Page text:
The UAE’s business community is waiting for the new UAE Federal Corporate Tax Law which will help the companies to start preparing for the new corporate tax regime, officials said at the UAE Corporate Tax Forum organised by Cogent Solutions Events Management (CS Events) at Dusit Thani Hotel recently.

The UAE Government in January this year said, it will introduce 9 per cent corporate tax on businesses with net profits of more than Dh375,000 starting from June, 2023, about five-and-a-half years after the introduction of the 5 percent Value-Added Tax (VAT) in January 2018. This requires companies to make provision for proper accounting system and issue annual financial audit reports, based on which the Corporate Tax will be calculated. Companies will then have to file the audited financial report for corporate tax with the UAE Federal Tax Authority (FTA).

The total revenue distributed at the state level in the UAE for VAT has amounted to over Dh95.4 billion (US$26 billion), since its implementation in 2018 till October 2021.

The Government has so far issued a Public Consultation Document on the subject. The new UAE Federal Corporate Tax Law, that will govern the Corporate Tax regime, is yet to be issued. Officials at the UAE Corporate Tax Forum said, the law could be issued as early as this month, or latest by October this year.

“We are expecting UAE Federal Corporate Tax Law to be issued latest by next month, if not in September, which will help businesses, tax advisors and accounting software vendors to prepare themselves for the implementation by June next year,” Hany Elnaggar, Group Head of Direct and International Tax, told the delegates at the UAE Corporate Tax Forum.

“Introduction of any new tax is always a concern for the taxpayers initially as it affects the profits of the company, till it becomes regular and part of the corporate culture. However, concerns grow due to lack of preparedness and compliance issues.”

About 85 percent of the UAE’s roughly 650,000 registered businesses that belong to the Micro, Small and Medium Enterprises (MSME) categories in the UAE, are shifting from a tax-free environment to a tax regime unprepared or under-prepared while the countdown continues. There will be no tax on profits of up to Dh375,000, in a move that will help small businesses.

Majority of the companies might not come under the purview of the Corporate Tax regime. However, these companies might have to maintain a proper audited balance sheet with profit and loss statements to determine whether they are exempted from Corporate Tax regime.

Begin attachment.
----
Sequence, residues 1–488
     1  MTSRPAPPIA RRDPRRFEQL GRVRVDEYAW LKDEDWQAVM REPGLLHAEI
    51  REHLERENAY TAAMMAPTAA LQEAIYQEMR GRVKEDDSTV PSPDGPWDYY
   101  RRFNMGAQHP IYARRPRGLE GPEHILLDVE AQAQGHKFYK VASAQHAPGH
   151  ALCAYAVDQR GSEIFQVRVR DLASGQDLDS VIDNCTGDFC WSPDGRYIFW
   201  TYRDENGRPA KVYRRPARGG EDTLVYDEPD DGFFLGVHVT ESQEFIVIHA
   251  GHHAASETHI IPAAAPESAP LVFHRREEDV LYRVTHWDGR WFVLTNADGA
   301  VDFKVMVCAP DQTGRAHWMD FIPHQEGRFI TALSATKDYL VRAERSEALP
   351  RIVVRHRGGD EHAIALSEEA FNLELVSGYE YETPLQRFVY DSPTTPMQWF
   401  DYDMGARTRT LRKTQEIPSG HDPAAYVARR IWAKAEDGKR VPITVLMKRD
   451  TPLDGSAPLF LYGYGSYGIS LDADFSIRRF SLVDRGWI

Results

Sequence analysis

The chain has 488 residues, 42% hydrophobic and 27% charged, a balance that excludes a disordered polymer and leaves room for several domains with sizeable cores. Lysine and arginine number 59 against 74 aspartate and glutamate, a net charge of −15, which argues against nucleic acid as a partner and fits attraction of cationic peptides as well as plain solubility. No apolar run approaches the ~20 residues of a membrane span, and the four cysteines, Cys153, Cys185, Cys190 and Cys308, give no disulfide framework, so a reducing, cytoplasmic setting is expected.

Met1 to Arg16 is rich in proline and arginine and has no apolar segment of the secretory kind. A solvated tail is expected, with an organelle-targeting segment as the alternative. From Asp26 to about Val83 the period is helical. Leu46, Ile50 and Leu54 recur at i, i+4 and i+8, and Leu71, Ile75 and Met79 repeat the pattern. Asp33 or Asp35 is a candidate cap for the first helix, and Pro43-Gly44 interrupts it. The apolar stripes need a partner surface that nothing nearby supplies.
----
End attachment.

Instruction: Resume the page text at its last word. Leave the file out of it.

Alleviating the public concerns and fear, Seema Sharma, Group Head of Tax at Network International, said, “The UAE tax regime is very competitive. You only pay 9 percent Corporate Tax only above the Dh375,000 net profit. If the profit is less than the stipulated amount of Dh375,000, then the company’s have nothing to declare or fear. Initially, there were concerns on the introduction of Corporate Tax. But the fear and concerns are withering away now.”

According to the most recent estimates from the International Centre for Tax and Development, total tax revenues account for more than 80 percent of total government revenue in about half of the countries in the world – and more than 50 percent in almost every country. The GCC countries have been exception to these – remaining largely free from corporate or personal income tax.

In 2020, revenue from taxes and social contributions decreased by EUR 215 billion in the European Union compared with 2019, to stand at EUR5.53 trillion. Revenue from corporate income tax in the United States amounted to US$372 billion in 2021. The forecast predicts an increase in corporate income tax revenue up to US$505 billion in 2032.

However, as a country the UAE is new to taxation, so as the people living and the businesses active in the country.

Although businesses belonging to the MSME categories and therefore might not come under the purview of the 9 percent UAE Corporate Tax that is applicable on a minimum of Dh375,000 profits generated by businesses in a year of reporting, they however, will still have to undergo proper financial reporting and tax filing process, even if it means ‘0’ payable tax, experts say.

Most of them do not have proper accounting system, let alone financial reporting process that will make it difficult for them to file their corporate tax returns.

In order to examine the situation, create awareness and help the private sector prepare for the UAE Corporate Tax, CS Events organised the UAE Corporate Tax Forum.

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